I still have a long way to go to become the friend to others that I wish to be. But I'm glad that my thirties taught me how crucial true friendship is and what it should look like. And I am thankful EVERY DAY for the friends in my life. I treasure their love and support and strive to be more like them.
Making the decision to forgive has brought such peace as my thirties draw to a close. I am no longer angry about parts of my childhood that did not look exactly as I would have hoped. What's the point in that? I can't change them. I have forgiven stuff (that's as eloquently as I can express myself here because "stuff" is as much detail as I ever plan to publish about something so personal) that happened in my marriage. My ex-husband comes to our daughter's softball games, and there were other parents who, even at the end of the season, thought we were still married because we are able to sit next to one another and support our girl. There is peace, and that comes by choice.
I've learned that harboring anger has very little impact on the person who is causing me pain, but it sure does get in the way of being happy and content. That doesn't mean that I don't have flares of anger when I feel that I or someone I love has been wronged. I just don't let myself stay there anymore.
Also, I've forgiven myself, for choices I've made, for not valuing myself for way too long, and for not always being the person I wanted to be in the past, as I realized I needed to free myself from that guilt in order to move forward and be a better person tomorrow.
Over the past decade, I have known people my age who have died from cancer and heart attacks and tragic accidents, leaving behind spouses and young children. I have grieved with people who have buried children. I have watched with horror the news coverage of natural disasters and terrorists' atrocities. Instead of making me worry more about the many threats that surround us every day, these events have led me to worry less. Living in fear would not have prevented that tumor or that other driver from crossing the yellow line or stopped a person intent on violence. But it would have taken up room in the brain that is better reserved for joy and laughter. I don't want to dwell on all of the "what ifs" of life instead of enjoying the moment right now that I've been given. Of course, I still try make smart decisions and strive to have a lifestyle that keeps me healthy and reasonably safe; I just have come a long way in not focusing on and wringing my hands over what I cannot control.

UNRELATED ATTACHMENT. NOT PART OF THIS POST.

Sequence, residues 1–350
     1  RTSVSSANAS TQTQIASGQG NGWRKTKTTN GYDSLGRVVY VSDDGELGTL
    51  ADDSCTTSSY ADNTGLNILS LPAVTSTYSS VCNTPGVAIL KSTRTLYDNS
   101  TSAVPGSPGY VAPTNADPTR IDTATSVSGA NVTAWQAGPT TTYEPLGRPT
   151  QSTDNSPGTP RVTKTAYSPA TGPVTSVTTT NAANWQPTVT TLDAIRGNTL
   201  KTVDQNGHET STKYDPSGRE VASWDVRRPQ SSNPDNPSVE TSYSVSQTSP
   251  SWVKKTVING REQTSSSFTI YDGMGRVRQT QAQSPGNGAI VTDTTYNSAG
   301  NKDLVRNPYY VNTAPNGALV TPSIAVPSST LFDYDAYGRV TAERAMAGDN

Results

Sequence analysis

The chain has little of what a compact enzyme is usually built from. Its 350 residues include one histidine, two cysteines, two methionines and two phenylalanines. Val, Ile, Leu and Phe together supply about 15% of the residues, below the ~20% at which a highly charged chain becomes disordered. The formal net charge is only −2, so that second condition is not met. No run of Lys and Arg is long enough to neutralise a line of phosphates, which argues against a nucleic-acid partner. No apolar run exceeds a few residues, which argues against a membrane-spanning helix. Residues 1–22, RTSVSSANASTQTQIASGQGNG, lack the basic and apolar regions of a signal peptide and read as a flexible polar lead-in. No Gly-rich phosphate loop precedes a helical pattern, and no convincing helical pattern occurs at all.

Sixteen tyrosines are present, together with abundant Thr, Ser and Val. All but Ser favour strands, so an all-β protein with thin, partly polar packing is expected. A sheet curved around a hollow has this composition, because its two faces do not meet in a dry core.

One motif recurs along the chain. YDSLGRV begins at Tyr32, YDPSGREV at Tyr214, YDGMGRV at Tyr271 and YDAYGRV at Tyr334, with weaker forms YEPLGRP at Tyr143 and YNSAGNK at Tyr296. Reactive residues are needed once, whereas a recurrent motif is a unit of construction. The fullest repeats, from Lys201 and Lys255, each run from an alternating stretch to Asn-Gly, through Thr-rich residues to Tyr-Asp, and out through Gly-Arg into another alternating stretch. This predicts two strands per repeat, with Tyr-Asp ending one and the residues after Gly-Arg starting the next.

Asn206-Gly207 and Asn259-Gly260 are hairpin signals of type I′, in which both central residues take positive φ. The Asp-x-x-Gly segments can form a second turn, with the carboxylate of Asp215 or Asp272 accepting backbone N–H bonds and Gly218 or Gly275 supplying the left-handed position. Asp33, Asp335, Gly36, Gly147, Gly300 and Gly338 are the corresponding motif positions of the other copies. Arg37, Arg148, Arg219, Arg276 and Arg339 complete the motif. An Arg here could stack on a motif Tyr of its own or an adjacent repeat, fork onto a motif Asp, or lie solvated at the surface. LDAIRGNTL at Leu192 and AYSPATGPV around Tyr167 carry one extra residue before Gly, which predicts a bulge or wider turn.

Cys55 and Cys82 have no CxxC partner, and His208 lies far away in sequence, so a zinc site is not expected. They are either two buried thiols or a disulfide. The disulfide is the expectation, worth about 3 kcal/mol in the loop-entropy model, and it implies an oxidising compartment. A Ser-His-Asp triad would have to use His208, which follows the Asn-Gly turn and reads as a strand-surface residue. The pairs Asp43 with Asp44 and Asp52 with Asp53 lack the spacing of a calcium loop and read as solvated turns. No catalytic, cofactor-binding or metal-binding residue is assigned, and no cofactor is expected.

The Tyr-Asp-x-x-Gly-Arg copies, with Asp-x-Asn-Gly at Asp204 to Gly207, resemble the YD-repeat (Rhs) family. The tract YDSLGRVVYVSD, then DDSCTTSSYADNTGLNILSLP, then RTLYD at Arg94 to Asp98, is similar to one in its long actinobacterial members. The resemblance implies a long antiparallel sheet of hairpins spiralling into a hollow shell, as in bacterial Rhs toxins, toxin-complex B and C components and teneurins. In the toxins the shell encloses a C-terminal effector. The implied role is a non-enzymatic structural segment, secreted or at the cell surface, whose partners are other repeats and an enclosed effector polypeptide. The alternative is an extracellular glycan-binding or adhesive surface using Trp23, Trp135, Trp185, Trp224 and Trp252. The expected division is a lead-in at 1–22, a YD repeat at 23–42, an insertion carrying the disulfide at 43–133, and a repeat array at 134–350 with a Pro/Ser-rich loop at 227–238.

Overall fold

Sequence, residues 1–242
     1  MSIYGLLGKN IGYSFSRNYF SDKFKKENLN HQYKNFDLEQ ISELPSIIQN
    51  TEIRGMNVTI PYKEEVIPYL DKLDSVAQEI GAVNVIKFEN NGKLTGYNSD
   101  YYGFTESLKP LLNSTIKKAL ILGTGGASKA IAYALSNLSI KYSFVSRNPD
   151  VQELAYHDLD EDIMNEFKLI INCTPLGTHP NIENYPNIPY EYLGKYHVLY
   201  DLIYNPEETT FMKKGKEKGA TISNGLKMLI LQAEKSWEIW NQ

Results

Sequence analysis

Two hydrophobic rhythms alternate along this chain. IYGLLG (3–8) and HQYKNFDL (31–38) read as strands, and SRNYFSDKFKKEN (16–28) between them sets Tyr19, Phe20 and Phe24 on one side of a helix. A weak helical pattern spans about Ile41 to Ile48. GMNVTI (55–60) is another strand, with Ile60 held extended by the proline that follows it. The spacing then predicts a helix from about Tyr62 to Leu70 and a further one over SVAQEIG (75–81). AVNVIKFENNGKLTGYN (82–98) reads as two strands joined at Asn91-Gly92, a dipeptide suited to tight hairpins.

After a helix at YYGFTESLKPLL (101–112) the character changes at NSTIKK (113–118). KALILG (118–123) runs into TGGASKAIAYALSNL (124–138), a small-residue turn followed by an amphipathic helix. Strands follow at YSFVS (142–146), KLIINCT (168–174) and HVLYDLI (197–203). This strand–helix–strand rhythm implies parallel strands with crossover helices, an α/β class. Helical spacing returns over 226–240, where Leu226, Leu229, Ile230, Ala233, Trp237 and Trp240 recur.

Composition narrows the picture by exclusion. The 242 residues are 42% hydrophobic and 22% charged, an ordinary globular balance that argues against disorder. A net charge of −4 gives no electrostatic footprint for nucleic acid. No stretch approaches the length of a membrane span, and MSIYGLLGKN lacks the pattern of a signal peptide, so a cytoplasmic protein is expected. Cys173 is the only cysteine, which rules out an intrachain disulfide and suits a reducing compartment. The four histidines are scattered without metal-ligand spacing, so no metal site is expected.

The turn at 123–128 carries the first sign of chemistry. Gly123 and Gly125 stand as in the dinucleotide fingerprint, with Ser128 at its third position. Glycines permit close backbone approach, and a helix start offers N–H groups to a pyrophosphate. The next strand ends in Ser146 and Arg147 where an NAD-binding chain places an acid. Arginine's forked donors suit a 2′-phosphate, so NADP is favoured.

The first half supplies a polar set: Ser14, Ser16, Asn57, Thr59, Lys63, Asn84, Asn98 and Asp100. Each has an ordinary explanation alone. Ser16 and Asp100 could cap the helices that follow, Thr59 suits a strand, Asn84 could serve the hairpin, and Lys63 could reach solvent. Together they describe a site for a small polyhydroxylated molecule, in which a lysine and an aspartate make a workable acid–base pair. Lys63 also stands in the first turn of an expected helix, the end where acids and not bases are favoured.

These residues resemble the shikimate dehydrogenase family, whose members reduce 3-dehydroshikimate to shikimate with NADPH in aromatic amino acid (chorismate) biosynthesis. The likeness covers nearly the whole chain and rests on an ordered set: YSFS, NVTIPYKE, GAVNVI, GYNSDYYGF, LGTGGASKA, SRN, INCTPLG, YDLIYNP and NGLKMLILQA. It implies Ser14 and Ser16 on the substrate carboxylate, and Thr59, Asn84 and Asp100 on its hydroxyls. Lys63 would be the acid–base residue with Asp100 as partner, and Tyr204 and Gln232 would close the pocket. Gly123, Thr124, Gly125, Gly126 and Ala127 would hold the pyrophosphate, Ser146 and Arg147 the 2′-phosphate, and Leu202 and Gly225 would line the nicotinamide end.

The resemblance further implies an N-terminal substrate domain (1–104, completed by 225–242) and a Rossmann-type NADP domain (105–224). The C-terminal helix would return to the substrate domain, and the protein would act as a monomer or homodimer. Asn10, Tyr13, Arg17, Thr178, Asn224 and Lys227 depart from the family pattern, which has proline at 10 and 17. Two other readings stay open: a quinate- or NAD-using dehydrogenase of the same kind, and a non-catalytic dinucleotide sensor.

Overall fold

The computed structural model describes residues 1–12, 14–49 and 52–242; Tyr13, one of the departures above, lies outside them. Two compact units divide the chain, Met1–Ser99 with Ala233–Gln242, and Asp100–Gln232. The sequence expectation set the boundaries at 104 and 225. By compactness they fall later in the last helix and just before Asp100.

I've also realized that fear is a bunch of hype. It makes headlines and sells books. It tells us to tether our kids and lock ourselves inside our homes and not trust the stranger walking down the street, but it's largely fiction. I've learned that most people are good and most places are safe and the worst possible scenario is hardly the most likely one.
Finally, I've freed myself from a lot of fear because I faced some scary stuff over the past ten years and come out on the other side stronger, from single parenting to health concerns that dragged on without answers to confronting difficult people. I can look at most challenges now and think, "Remember what you did back then? You've totally got this one as well."
I'm excited to start my forties not feeling afraid of what may, or may not, come next.
So, good night, thirties. You've been filled with some difficult lows but more spectacular highs. You made me a mom. You developed me into someone with whom I enjoy spending time. You've introduced me to people who have made my life so much richer and more fun. You have matured me and softened me and strengthened me. Thank you for all of your lessons. I won't miss you, because my focus is strictly on moving forward. But, I love what you were to me and will carry you with me always.